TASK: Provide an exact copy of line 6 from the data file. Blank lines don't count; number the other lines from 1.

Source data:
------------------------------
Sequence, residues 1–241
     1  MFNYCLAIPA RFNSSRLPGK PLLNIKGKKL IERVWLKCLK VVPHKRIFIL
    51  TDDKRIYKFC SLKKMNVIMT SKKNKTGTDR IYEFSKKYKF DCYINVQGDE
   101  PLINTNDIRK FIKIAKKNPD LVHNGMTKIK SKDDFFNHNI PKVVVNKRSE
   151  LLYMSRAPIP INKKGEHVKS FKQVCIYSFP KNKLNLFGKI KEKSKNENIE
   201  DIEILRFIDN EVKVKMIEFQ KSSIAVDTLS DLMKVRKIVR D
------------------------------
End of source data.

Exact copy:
   201  DIEILRFIDN EVKVKMIEFQ KSSIAVDTLS DLMKVRKIVR D